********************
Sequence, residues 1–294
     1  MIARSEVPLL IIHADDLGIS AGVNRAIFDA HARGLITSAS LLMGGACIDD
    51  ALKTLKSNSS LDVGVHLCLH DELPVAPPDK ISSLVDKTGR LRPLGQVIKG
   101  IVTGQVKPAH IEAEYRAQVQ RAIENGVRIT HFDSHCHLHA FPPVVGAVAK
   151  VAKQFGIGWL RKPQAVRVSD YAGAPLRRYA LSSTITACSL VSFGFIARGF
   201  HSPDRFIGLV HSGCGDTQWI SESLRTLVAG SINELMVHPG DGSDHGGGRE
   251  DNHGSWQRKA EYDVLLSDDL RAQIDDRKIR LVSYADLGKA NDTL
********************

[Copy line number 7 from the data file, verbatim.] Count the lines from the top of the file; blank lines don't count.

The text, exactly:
   251  DNHGSWQRKA EYDVLLSDDL RAQIDDRKIR LVSYADLGKA NDTL